The hard disk is the hardware component where the data is stored. Basically, everything you keep on your PC is there: the operating system, applications, files, etc. A partition is a logical division of the hard drive, which is capable of acting like an individual entity. Theoretically, you can have just one single partition on a hard disk but that's very counterproductive as every time you will need to format the drive (and it will happen), you will lose all the data. This is why knowing how to create, delete, extend or shrink partitions is highly useful. Here's what you need to know:
Managing hard disk partitions without third-party software
Windows ships out with its own partition management tool so you don't have to install additional software if you don't want to. This guide is made for Windows 7 as it is the most popular in the world at the moment, but if you have a different version of the operating system, things aren't very different. In order to access the partition manager, you will need to go to Control Panel --> Administrative Tools and a new window will be automatically launched. Once there, click on the Disk Management button in the Storage category (in the left column). After a short period of time, during which the tool identifies your hard-disk and its partitions, you will have full access to play around with anything you want. However, don't mess around with drive C: (or whichever other partition you use to boot) as you might lose the operating system along with all the data on it. Furthermore, having a bootable recovery disk at hand could also prove to be prudent.
While in the Disk Management window, right-clicking on a drive allows you to shrink, extend, delete, format or change the letter of that respective partition:
- Shrinking a partition will decrease the amount of space on it while the surplus left will be transformed into unused space (which can be afterwards transformed into a new partition)
- Extending a partition allows you to increase the storage space of the specified drive but requires you to have unused space at your disposal,
- Deleting a partition will completely remove the respective drive and all the data stored on it, transforming into unused space.
- Formatting a partition is a process that makes the respective drive "usable" for Windows. It transforms unused space into an area that the operating system can work with. In most cases, you will have to choose between FAT32 and NTFS (modern operating systems utilize the latter).
- Changing the letter is pretty much self-explanatory. It lets you modify the letter of the respective partition. In case you have a large number of drives, this could help you easily distinguish between the ones you use for booting, for applications of for movies. Certain letters may be reserved for specific devices, so you won't be able to use them.
One thing to remember is that every operating system will steal space when creating partitions. What I mean is that if you have 500GB of unused space, partitioning it will result in a drive with a slightly smaller capacity. The more partitions you create the more space will disappear (will be reserved by the operating system, rather) and while the percentage of the space that goes missing is insignificant, if you work with huge amounts of space (>TB), you may notice a couple of missing GB.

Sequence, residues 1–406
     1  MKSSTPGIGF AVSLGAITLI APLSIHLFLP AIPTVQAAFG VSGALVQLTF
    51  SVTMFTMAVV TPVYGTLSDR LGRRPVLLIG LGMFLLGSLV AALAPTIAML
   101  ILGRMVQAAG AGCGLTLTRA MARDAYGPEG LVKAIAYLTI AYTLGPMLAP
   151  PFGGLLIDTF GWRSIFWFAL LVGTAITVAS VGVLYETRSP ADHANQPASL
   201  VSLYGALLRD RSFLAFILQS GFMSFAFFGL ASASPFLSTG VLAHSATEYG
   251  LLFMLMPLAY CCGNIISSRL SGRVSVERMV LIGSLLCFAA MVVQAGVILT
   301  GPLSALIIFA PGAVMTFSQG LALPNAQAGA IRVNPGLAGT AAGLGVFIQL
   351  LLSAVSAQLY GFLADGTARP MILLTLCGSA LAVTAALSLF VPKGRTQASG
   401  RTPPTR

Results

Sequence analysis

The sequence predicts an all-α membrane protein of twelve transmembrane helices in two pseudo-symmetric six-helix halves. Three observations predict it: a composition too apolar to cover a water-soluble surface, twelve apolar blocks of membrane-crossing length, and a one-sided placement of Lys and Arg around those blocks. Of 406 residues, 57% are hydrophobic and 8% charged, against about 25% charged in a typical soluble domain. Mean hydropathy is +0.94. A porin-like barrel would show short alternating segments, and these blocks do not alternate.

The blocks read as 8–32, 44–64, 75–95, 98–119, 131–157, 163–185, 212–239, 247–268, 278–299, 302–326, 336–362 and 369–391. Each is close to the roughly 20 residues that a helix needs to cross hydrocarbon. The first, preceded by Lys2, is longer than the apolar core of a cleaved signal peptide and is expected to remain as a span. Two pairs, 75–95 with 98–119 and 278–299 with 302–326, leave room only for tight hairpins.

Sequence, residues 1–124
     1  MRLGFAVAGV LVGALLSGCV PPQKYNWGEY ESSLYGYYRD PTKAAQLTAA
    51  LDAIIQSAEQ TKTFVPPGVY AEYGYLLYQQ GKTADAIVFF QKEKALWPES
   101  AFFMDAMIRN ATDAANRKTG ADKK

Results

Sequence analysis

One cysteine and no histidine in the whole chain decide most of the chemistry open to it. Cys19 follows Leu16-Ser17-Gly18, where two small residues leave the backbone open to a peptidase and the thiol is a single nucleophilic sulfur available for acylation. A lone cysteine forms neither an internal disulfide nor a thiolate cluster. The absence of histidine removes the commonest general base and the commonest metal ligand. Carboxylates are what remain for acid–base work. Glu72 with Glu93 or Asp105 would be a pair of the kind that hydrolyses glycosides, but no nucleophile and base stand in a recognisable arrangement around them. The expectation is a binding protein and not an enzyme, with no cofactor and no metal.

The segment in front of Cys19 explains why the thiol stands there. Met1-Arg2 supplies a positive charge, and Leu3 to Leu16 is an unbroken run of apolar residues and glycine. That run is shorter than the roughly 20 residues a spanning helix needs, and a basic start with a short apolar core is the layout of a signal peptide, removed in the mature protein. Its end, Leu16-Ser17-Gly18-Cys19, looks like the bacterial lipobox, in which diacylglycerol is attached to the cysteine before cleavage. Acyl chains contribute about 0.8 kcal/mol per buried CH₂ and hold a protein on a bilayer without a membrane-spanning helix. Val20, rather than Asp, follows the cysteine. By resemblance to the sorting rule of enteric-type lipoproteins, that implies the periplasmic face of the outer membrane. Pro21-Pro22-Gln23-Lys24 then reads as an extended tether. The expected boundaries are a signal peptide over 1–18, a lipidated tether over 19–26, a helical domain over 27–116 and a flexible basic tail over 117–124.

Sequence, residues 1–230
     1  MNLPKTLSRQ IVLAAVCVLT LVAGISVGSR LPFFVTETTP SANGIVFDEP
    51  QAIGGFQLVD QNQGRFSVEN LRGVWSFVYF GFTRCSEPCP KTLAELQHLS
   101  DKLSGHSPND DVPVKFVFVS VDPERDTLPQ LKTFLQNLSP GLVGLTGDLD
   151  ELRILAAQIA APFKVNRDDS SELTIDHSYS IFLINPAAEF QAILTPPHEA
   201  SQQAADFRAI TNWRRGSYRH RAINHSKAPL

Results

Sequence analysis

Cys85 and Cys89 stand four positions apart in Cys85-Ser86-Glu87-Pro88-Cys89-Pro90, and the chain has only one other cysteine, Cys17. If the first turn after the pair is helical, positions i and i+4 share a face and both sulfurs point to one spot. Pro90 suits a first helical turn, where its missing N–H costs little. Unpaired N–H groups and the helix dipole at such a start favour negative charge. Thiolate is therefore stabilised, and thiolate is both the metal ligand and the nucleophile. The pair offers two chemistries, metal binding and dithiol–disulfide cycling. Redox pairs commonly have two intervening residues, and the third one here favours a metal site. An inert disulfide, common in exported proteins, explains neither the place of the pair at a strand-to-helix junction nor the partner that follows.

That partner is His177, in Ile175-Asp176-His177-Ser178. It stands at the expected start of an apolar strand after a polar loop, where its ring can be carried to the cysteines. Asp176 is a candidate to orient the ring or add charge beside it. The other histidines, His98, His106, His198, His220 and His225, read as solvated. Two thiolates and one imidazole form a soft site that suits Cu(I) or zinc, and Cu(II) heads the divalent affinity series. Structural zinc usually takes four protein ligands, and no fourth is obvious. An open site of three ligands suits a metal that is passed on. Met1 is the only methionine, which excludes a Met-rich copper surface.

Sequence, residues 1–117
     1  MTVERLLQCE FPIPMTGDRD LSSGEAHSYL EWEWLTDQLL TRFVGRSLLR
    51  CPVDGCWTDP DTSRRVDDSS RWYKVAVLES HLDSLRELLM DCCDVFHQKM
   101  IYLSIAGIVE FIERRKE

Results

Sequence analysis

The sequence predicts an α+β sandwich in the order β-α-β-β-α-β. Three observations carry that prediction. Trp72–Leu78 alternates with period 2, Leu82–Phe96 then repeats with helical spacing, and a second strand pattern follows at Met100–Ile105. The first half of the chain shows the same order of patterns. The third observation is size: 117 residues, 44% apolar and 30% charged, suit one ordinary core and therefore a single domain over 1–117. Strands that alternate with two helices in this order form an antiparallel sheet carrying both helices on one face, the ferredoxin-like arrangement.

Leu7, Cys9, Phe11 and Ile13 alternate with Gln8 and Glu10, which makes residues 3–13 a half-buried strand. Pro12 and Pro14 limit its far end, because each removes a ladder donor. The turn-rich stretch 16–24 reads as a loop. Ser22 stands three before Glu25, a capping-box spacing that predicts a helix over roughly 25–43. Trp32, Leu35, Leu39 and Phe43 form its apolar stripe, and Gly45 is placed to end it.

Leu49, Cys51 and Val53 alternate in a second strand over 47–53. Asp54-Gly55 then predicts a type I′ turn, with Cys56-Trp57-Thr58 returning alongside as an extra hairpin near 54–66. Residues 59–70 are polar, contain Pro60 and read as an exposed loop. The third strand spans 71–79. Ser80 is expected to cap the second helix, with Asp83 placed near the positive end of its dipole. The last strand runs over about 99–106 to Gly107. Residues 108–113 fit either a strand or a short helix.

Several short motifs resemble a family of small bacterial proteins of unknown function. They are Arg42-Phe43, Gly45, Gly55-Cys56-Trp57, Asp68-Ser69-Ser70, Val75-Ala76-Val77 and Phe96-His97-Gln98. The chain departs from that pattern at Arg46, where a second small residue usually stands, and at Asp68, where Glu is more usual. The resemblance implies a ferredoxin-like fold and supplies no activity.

If the partition manager provided by Windows is too difficult to control or doesn't provide the functionality that you require, you can always try alternative solutions. Here a few applications that will help you deal with your partitioning tasks for free:
The free version of EaseUS Partition Master (called Home Edition) is one of the best solutions that you can find. Besides the usual functions, such as creating new partitions and deleting, resizing or shrinking them, this tool can also perform a few neat tricks, such as moving or hiding and unhiding your drives (all without risking data loss). Furthermore, this tool offers a copy wizard which will offer you a very easy way to extend a partition while also keeping all your files intact. EaseUS Partition Master can simultaneously work with 32 storage devices, supports drives of up to 4TB and is even capable of performing operations on partitions specific to Linux operating systems (EXT2/EXT3).
Paragon Partition Manager is another reliable solution. Even though the link I provided says shareware, the application has a free trial version called Paragon Partition Manager 14 Free. What's really cool about this application is that it was designed to help users manage their partitions without risking data loss, thanks to its patented technology. Partition Manager 14 Free only offers basic functionality (creating new partitions, deleting existing ones, resizing drives and formatting them), but regular users won't need much more than that. Add to that its well-designed interface and the several wizards that will assist you in your tasks, and you have a free partition manager that anyone can use.
Minitool Partition Wizard Home Edition may be the last entry on our list, but that surely doesn't mean that it's not an effective partition manager. This tool will help you create, extend, shrink, delete, format, change drive letters and copy disk partitions. Another really interesting feature is that the application is capable of converting your FAT32 drives into NTFS partitions. Additional functionality includes the ability to test the disk surface, rebuild the Master Boot Record (MBR), and a 1GB data recovery tool.